9 NE 12.0%
    10 GA 12.0%
    11 NY 11.9%
    12 LA 11.9%
    13 MI 11.9%
    14 OR 11.9%
    15 MO 11.8%
    16 NV 11.8%
    17 CO 11.7%
    18 TN 11.6%
    19 FL 11.5%
    20 TX 11.4%
    21 NM 11.4%
    22 WA 11.3%
    23 ND 11.3%
    24 MA 11.3%
    25 CA 11.3%
    26 IA 11.1%
    27 ME 11.0%
    28 RI 10.6%
    29 NJ 10.6%
    30 VA 10.5%
    31 VT 10.5%
    32 PA 10.4%
    33 ID 10.2%
    34 AK 10.2%
    35 MD 10.0%
    36 NC 9.9%
    37 KY 9.8%
    38 SC 9.3%
    39 IN 8.4%


Saturday, October 12, 2013

State Pension Fund Investment Rankings 2013

As a follow up to my previous post on September 22, I've ranked our US states by pension fund investment returns.  I found 1-year investment returns for 47 of 50 state pension funds and ranked them as of June 30, 2013.  

In the table below, you can click on the state abbreviation to link to the pension fund website. You can also click on the return figure to reach the source document for the reported returns. 


Rank State Return
     1 SD 19.5%
     2 AR 15.6%
     3 NH 14.5%
     4 MN 14.2%
     5 KS 14.0%
     6 OH 13.7%
     7 ND 13.5%
     8 MS 13.4%
     9 GA 13.3%
    10 NM 13.3%
    11 IL 13.2%
    12 FL 13.1%
    13 AZ 13.1%
    14 MT 13.0%
    15 WV 12.8%
    16 MA 12.7%
    17 NE 12.7%
    18 OR 12.7%
    19 LA 12.6%
    20 MO 12.6%
    21 CA 12.5%
    22 NV 12.4%
    23 WA 12.4%
    24 NY 12.3%
    25 MI 12.2%
    26 HI 12.0%
    27 OK 12.0%
    28 VA 11.8%
    29 NJ 11.8%
    30 CT 11.5%
    31 WI 11.2%
    32 DE 11.1%
    33 ME 11.1%
    34 RI 11.1%
    35 KY 11.0%
    36 AK 10.9%
    37 CO 10.6%
    38 MD 10.6%
    39 TX 10.2%
    40 IA 10.1%
    41 SC 10.0%
    42 TN 9.9%
    43 NC 9.5%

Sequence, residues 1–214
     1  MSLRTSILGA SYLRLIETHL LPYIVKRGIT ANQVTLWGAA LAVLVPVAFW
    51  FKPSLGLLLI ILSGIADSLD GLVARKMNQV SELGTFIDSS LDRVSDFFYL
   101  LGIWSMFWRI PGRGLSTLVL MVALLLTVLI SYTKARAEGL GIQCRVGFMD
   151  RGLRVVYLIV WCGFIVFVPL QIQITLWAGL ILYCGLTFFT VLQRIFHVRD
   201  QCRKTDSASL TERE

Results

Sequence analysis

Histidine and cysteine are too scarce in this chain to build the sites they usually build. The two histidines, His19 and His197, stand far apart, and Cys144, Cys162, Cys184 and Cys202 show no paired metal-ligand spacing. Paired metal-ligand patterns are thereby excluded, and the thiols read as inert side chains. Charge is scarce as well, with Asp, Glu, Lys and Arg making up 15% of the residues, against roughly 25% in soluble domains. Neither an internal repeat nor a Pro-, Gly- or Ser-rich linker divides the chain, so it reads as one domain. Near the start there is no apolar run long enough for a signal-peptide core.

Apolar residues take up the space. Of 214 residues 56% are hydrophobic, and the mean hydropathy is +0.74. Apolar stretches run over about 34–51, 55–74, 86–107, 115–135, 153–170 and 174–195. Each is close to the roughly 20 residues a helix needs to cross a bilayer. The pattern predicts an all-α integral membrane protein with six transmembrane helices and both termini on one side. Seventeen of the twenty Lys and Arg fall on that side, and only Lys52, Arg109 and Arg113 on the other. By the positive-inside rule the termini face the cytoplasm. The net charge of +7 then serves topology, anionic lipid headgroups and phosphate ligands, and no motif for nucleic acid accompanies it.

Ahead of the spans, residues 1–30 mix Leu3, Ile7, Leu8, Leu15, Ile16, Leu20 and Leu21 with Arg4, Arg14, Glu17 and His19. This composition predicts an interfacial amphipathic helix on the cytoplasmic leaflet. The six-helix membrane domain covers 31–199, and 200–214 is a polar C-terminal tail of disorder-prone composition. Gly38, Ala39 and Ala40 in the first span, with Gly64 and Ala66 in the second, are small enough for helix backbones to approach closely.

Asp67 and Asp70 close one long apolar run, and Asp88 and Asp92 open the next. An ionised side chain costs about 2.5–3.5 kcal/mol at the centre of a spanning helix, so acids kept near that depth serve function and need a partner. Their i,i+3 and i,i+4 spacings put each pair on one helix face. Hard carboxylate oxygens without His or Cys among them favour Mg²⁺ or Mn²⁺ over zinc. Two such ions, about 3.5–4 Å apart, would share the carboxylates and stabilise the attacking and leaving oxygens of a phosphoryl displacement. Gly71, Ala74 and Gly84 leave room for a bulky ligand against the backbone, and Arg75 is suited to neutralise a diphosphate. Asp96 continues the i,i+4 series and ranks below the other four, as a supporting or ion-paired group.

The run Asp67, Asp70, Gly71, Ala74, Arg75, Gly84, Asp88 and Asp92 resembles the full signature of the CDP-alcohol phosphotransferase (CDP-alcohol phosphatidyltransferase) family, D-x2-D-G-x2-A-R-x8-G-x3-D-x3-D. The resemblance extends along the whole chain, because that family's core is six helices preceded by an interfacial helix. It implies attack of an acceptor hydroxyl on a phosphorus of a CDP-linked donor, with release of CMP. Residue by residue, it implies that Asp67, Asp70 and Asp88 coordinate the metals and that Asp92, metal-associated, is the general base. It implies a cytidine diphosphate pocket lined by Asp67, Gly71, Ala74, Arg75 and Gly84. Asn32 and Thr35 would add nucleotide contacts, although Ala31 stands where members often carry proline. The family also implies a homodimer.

44 ID 9.1%
    45 VT 8.8%
    46 PA 8.0%
    47 IN 6.0%

Returns for Alabama, Utah, and Wyoming were no where to be found. 

Sunday, September 22, 2013

North Carolina Retirement System Returns Lag Median Pension Returns BADLY

The North Carolina Retirement System (NCRS) return of just 9.5% for the fiscal year ending June 30, 2013 lagged the median pension plan very badly according to an analysis by Pensions & Investments Magazine and Wilshire's Trust Universe Comparison Service (TUCS).  The median large public pension earned returns of 12.6% for the year ending June 30, 2013, or 3.1% higher than NCRS.  Considering the NCRS plan is approximately $81 billion, the 3.1% of under-performance translates into $2.5 billion in lost returns for 2013.  

Median Pension Return = 12.6%
NCRS 2013 Return = 9.5%
Difference = -3.1%
NC Tax Payer Cost = $2.5 Billion 

Friday, September 13, 2013

Fido Bites The Hand That Feeds Him

Fidelity Investments EMPLOYEES are suing FIDELITY for breach of fiduciary duty by repeatedly adding "high-fee, actively-managed Fidelity mutual funds" with "little or no track record" to the Fidelity 401(k) plan.  Do I really need to explain how funny this is?